Then my sister got in the car and said, “Are you guys ok?”  We both replied with a simple nod. 


Then we glided over to my mother’s work, she asked, “is everybody safe?  Did anybody get hurt, we should really check the weather.


I replied saying, “Everyone is fine, but we are not able to get ahold of the correct whether.” 


We all arrived home relieved.  When I got home I realized that we had about 14 messages on the phone.  It was my grandmother who had called.  We had all just thought that she had heard about the storm, and we were about to call her back when at that moment the phone rang.


I answered saying, “Hi grandma, of you, are worried about the storm we are all ok.”  She didn't care about the storm, she told me to hand it to my dad.


My dad said, “Hello,” and then all of a sudden his face went from wide-eyed and happy to shock. 
I said, “Dad, what's wrong?”


He was staring at the floor, and I kept asking him until he said, “It’s you, grandfather, he was in a car accident.” 
“How,” I asked
“He was crossing the street and this reckless driver came and hit him!”


“Luckily another man saw him and took him to the hospital, he is in the E.R.”


Then all of us got our electronics and started to search for a last minute ticket to India.  When we finally got a ticket on a flight that leaves at 3:25 A.M, we all tried to go as fast as we could, with the packing, and the car coming to the front.  We finally got there, and while I was in the car the power went out.  Our family got there at 2:48AM, but when we got there all of the flight were either delayed or canceled because of the storm and its lightning.  I can see my father as he is walking from employee to employee as he tries to get on a flight.  The airport is filled with people because of the holidays, but even then I could see my father with his worries.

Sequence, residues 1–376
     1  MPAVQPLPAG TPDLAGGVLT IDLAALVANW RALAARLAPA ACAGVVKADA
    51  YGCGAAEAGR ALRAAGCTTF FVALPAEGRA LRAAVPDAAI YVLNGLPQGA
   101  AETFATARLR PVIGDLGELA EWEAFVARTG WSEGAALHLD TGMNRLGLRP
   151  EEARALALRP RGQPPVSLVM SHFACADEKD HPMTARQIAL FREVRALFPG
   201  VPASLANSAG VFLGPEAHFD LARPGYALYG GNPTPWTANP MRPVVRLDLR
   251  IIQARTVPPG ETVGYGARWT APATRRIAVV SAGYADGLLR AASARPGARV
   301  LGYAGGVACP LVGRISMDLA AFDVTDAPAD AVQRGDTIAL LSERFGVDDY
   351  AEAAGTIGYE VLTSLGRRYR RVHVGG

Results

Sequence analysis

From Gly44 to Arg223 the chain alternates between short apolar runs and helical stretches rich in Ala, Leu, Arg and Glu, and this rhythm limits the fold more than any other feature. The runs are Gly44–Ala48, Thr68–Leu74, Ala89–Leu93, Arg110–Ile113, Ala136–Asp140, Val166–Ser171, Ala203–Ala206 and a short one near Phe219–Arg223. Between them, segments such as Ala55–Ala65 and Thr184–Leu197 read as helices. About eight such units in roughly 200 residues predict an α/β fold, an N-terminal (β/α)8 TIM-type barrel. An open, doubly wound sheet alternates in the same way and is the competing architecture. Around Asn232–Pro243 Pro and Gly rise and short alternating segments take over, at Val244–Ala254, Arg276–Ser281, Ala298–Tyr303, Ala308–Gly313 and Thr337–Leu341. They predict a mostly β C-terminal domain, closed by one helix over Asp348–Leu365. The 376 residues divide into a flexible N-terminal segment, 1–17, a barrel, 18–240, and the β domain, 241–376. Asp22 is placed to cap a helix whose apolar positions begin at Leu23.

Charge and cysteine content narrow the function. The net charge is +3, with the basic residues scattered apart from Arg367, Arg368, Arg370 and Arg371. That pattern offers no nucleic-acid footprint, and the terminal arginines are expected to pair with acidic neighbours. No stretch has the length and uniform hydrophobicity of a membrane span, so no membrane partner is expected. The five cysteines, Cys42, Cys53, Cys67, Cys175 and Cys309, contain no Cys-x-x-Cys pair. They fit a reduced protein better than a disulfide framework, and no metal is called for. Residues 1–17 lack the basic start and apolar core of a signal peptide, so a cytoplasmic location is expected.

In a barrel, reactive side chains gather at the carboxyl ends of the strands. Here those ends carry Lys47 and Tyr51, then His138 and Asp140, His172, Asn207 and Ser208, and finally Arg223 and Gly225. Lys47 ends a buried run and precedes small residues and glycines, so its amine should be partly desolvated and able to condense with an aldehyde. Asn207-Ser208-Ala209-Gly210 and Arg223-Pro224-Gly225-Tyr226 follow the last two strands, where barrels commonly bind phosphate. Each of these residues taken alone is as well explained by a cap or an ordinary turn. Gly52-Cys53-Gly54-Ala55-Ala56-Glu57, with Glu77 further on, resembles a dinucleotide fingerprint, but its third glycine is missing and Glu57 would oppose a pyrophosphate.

After about spending 13 hours in an airport my dad finally got a ticket to India, but he was still in the E.R.  When we were going home I felt like crying, but I don't.  I got to my room and I looked through old pictures of when my grandparents, and I broke down with tears falling off my face, but I was trying to be quite so that I wouldn't disturb my mom and my sister.  Just the thought of somebody being gone, never being able to spend time with them again was terrible, knowing that there are never going to answer your questions, knowing that they might not be right there to talk to was horrific.  A couple of days later my father called and told us that he finished all of his surgeries, and he is ok.




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This article has 2 comments. Post your own now!

Mr.Gr said...
today at 12:36 pm
You made yourself vulnerable, and that made you story more interesting, plus your characters were 3-dimensional. Well done.
 
SriyaVThis teenager is a 'regular' and has contributed a lot of work, comments and/or forum posts, and has received many votes and high ratings over a long period of time. said...
Nov. 13 at 1:49 pm
great story